Hornsea Wind Farm is an under-construction Round 3 wind farm located in the North Sea, 120 km from the east coast of England. The wind farm started construction in 2018. The first phase was completed in January 2021, with a capacity of 1,218 MW making it the biggest in the world on its completion. Located in the North Sea 120 km from the east coast of England, the eventual wind farm group is set to have a total capacity of around 6 gigawatts (GW).
The scheme has been divided into a number of phases. The 1.2 GW Project 1 received planning consent in 2014, the 1.4 GW Project 2 was later given planning consent in 2016. Also in 2016, a third phase was further spilled into two phases Hornsea 3 and 4, having approximate capacities of 1–2 GW and 1 GW, which increased the capacity of the developed project to a maximum of 6 GW.
The Hornsea site is part of three off the British coast found in the North Sea, around halfway between Dogger Bank Wind Farm and East Anglia Wind Farm. The Hornsea site has a total area of 4,730 square kilometers and is 38 kilometers from the land at the closest point; water depth in the zone is from 22 to 73 meters, having a tidal range of 2 to 5 meters and a typical annual wave height of 1.35 to 1.78 meters.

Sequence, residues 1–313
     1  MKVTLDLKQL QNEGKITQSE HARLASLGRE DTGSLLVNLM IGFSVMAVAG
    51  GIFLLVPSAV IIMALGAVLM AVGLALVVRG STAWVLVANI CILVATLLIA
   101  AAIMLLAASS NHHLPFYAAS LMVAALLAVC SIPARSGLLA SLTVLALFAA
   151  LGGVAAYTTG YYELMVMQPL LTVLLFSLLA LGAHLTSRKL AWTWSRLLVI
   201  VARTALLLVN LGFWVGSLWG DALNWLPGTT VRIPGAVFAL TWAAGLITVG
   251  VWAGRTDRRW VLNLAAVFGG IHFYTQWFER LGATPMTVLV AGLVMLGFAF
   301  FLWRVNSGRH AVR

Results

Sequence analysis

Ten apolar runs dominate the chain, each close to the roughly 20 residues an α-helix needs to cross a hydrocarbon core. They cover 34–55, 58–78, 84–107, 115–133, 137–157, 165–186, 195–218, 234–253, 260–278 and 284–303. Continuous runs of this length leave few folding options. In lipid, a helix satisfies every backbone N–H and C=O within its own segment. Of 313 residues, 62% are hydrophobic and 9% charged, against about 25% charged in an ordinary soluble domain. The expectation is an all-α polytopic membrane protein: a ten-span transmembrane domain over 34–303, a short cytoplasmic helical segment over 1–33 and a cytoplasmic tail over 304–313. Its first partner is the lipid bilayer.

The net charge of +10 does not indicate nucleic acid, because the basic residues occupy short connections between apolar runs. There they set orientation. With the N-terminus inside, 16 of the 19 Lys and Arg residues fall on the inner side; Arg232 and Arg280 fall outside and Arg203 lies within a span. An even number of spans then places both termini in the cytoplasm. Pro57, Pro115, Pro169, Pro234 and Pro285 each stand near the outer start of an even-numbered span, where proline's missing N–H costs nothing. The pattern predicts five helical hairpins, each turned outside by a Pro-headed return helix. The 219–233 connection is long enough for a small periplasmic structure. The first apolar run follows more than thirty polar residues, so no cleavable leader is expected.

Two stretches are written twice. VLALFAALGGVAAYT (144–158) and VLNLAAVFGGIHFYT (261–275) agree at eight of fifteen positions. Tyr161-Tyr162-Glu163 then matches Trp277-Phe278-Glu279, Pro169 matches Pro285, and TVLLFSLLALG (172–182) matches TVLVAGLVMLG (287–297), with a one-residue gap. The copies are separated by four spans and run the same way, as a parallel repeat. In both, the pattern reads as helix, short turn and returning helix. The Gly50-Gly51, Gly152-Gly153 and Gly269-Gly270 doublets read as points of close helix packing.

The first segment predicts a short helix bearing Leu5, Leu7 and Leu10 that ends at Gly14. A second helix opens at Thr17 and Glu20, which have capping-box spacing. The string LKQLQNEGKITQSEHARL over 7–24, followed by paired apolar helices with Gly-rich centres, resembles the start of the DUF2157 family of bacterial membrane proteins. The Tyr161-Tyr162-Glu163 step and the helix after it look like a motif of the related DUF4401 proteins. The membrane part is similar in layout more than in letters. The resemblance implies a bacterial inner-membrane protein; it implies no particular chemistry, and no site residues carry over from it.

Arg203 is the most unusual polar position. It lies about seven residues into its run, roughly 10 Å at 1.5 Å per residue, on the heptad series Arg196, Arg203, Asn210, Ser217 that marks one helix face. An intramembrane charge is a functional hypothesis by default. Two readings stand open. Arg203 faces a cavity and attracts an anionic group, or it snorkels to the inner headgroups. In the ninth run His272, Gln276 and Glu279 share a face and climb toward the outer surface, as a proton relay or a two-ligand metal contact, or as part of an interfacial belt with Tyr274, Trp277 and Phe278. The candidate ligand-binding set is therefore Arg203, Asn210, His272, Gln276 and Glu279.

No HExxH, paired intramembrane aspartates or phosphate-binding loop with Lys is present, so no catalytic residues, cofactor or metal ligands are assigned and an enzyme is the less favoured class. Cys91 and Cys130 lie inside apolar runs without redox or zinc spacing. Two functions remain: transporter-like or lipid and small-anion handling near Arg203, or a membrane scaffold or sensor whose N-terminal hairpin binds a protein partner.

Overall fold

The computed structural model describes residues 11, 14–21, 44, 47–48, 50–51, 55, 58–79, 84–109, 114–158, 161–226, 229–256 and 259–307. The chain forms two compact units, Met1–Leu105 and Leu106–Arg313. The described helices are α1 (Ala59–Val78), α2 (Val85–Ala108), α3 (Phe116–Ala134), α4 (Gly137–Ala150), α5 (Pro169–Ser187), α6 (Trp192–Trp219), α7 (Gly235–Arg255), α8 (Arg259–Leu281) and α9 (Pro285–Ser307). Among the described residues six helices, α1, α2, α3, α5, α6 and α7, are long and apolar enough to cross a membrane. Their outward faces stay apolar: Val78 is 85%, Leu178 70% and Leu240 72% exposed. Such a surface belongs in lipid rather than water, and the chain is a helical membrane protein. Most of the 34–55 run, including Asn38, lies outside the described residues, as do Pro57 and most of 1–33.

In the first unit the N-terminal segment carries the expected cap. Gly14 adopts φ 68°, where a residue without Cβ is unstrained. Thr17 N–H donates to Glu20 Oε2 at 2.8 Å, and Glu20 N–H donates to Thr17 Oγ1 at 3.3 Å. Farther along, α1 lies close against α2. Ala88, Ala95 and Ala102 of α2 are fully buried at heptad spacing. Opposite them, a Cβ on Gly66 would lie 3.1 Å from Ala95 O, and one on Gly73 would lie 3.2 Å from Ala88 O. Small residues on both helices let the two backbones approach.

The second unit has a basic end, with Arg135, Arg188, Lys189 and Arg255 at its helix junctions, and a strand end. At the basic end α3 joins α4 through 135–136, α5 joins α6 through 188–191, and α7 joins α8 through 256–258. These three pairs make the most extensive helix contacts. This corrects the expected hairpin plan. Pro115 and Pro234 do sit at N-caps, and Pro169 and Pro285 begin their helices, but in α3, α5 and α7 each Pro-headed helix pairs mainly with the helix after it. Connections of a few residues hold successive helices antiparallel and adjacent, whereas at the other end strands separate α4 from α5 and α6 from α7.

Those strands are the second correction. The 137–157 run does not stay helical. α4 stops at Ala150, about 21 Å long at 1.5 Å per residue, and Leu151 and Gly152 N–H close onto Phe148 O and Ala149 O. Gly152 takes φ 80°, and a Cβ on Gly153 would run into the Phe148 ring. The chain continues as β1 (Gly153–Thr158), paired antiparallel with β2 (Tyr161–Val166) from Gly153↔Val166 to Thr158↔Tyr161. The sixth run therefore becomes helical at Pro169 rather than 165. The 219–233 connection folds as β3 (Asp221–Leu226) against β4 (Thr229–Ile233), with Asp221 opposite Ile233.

The surface of the seabed primarily contains sands and gravel. Back in 2011, the Danish firm Ørsted A/S, earlier DONG Energy became a partner in SMart Wind. Later in 2015, Ørsted A/S was the 100% owner of the project’s first phase, Project 1. Ørsted acquired rights to the remaining phases of the Hornsea development (2 & 3) by 2015 August. In the next year, 2016, Ørsted arrived at an agreement with the Crown Estate for the Hornsea Two and Hornsea Three phases amended plans. This is when Hornsea Three was split into two new projects and the new phases were set to be developed in the 2020s.
Name: Hornsea Wind Farm
Capacity: 6 GW
Owner: Ørsted A/S
Start of Construction: 2018
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Hornsea Wind Farm Timeline
Construction of the onshore cable route began under J. Murphy & Sons. The wind farm was planned to be constructed between 2018 and 2020 and set to provide an annual production of around 4.1 terawatt-hours (TWh).
The new wind park’s first foundation was developed by DEME Group‘s subsidiary GeoSea in January. A subsidiary company of the Belgian DEME Group, Tideway Offshore Solutions installed the export cables. The installation work was completed in December 2018, months ahead of schedule.
Hornsea 1 started supplying power to the UK national electricity grid in February with full completion set in the first quarter of 2020. The final monopile foundation was completed in April and as of 3 May, 28 turbines out of 174 were installed.